Everything is debatable. By removing one section of the founding laws of this country, you open up debate on all of them. By and large, the original Amendments, the Bill of Rights, are often viewed as sacrosanct, whereas the dozens of later ones are more mutable. By removing one of the original founding principals of the nation you open up the veritable Pandora's Box on all other inherent rights.
Saying slavery is wrong is not really an argument. I can easily turn it against you by saying that your opinion is not absolute truth and by wanting to take choice away from people, you are violating their civil liberties and forcing a dictatorship upon a nation built of freedoms!
Now, obviously, that's complete crap, but it can be compelling, and that's the real danger.
By removing such a profoundly supported Amendment, you shake faith in all law and the concrete nature of life in this society and thus you invite the dangers of conflicting opinions onto the most tenuous stage in our legal system.



I see no evidence there are equal arguments for and against anything.

The thing is, they are already open to debate. I see no Pandora's Box being opened because waht you fear already exists in the 21st amendment, the ability to repeal another amendment.

I didn't say 'slavery is wrong' though, I just didn't want to come up with an argument for it. Furthermore, you haven't turned it against me, you just went on and made some absurd counterclaim. It also is irrelevant to the second's status.

But I see no evidence that it will shake faith in all law. It is already possible for people to be against an amendment. People are not all so stupid they worship the Constitution. If it were so it would never be amended in the first place.
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The problem is that that has absolutely nothing to do with the second amendment. The merit of that argument is unchanged whether we whole heartedly support the 2nd or whether we are utterly against it, or anywhere inbetween. You've made an argument for slavery(that I don't want to evaluate right now as it'd be off topic and feels rather unnecessary), but the problem is that it doesn't counter what I said. That the amendments are independent of one another.



Logically, they are, and one thing has nothing to do with the other.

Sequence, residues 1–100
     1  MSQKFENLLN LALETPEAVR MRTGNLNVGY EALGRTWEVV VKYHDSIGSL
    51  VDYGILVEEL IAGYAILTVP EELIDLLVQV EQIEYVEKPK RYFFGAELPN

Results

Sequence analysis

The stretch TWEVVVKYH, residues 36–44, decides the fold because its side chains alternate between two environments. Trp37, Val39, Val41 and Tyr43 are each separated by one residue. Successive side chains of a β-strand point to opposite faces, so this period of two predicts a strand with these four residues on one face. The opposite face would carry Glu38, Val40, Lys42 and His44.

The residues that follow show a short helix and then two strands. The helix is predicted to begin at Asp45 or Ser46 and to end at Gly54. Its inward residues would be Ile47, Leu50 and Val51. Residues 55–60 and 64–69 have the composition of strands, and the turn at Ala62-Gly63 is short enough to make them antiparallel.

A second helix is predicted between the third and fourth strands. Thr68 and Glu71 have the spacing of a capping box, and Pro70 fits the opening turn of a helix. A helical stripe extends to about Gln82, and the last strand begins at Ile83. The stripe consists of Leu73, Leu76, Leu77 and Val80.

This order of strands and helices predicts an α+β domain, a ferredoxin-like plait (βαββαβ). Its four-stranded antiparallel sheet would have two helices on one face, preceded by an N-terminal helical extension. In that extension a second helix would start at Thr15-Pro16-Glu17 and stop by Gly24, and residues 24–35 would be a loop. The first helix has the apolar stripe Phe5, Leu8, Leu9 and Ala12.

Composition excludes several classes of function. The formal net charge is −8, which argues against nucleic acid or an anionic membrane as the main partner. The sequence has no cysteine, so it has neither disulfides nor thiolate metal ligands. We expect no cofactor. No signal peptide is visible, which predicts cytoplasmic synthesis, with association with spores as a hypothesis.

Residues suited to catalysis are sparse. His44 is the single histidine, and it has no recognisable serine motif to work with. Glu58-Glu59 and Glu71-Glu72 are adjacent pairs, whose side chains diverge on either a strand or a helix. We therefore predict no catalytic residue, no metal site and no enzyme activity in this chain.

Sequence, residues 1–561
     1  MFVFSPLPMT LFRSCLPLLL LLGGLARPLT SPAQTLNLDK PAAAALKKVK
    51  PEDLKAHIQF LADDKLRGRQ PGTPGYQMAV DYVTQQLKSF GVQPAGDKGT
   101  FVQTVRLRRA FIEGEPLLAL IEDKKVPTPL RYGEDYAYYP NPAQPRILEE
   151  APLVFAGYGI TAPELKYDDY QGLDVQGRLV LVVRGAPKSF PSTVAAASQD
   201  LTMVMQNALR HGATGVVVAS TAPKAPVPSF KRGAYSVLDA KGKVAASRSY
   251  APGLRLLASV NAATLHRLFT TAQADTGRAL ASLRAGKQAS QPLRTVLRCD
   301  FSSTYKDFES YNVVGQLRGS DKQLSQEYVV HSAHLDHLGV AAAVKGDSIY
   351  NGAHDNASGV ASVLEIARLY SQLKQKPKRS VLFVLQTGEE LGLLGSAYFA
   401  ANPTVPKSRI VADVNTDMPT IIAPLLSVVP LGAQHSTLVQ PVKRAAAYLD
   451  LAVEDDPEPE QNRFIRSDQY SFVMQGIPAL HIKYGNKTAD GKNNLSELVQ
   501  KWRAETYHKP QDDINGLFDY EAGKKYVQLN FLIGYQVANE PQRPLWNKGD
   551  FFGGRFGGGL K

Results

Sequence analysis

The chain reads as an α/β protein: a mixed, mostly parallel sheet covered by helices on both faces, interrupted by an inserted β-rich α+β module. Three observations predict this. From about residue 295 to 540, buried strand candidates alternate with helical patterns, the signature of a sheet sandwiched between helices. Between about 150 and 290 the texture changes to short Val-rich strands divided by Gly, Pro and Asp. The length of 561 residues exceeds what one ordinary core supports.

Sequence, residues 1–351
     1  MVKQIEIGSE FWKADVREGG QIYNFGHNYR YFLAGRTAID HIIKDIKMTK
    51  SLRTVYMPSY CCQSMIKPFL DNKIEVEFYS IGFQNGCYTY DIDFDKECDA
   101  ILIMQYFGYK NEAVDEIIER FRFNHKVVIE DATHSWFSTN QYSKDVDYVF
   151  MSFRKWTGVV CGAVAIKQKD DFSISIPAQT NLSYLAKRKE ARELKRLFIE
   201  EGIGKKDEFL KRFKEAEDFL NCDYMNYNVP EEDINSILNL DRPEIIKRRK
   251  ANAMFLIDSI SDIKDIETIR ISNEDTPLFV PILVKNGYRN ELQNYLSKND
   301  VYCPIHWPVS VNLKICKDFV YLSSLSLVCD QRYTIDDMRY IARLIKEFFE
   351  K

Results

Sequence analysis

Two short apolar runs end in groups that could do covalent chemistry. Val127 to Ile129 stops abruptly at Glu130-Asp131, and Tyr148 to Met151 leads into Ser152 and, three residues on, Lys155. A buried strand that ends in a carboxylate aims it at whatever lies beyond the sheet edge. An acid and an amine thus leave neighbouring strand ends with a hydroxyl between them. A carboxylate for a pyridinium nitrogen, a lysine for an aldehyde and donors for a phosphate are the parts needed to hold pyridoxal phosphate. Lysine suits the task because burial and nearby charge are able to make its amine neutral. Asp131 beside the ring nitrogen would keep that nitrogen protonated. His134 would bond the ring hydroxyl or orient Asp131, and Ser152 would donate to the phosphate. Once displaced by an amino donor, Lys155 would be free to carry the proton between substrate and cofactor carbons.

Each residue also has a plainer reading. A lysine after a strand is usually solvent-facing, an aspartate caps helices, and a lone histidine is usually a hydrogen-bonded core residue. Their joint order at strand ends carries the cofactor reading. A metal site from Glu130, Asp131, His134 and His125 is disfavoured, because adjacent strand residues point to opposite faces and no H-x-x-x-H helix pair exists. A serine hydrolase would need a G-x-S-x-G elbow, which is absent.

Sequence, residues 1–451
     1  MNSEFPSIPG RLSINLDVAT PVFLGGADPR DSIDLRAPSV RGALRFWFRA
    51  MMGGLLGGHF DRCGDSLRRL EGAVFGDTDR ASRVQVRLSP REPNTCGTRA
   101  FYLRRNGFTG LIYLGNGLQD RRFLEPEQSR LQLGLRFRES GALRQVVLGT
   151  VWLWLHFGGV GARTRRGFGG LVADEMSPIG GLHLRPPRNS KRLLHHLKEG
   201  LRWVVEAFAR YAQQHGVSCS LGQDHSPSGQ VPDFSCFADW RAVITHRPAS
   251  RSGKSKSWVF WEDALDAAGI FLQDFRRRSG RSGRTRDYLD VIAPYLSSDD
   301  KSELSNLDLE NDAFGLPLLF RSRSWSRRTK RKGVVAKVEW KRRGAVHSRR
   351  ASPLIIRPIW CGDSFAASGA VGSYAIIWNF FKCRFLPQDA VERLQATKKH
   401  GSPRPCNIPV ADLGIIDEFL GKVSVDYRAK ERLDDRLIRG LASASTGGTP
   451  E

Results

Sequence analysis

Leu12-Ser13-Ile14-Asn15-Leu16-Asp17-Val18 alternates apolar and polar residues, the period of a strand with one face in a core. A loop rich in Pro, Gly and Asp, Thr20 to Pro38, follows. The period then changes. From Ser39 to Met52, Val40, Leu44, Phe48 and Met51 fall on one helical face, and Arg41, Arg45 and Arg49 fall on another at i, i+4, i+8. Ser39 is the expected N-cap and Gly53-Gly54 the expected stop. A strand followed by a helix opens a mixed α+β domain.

However, logic and the law have never been on speaking terms, and with the magic word "precedent" you can ******** people as hard as you want to. My point is, that by repealing one part of the Constitution, any other part is up for grabs as well, and eventually, someone will want to repeal something you hold dear. Slavery, free speech, freedom of religion, whathaveyou, will be up on the chopping block eventually, and it's rather hard to say it was okay to kill this part of the Constitution, but it's not okay to kill that part.



But we already saw one part repealed, the precedent is there.

And the thing is, I can say it's not okay to kill this other part for the reasons I support this other part. I would not defend it on the merit of "It's part of the Constitution". For the 13th I'd say "I am against this because [insert argument against slavery]" not "I am against this because it is the 13th amendment". An amenmdent isn't right just because it is an amendment.



But there are equal arguments for and against anything.
Everything is debatable. By removing one section of the founding laws of this country, you open up debate on all of them. By and large, the original Amendments, the Bill of Rights, are often viewed as sacrosanct, whereas the dozens of later ones are more mutable. By removing one of the original founding principals of the nation you open up the veritable Pandora's Box on all other inherent rights.
Saying slavery is wrong is not really an argument. I can easily turn it against you by saying that your opinion is not absolute truth and by wanting to take choice away from people, you are violating their civil liberties and forcing a dictatorship upon a nation built of freedoms!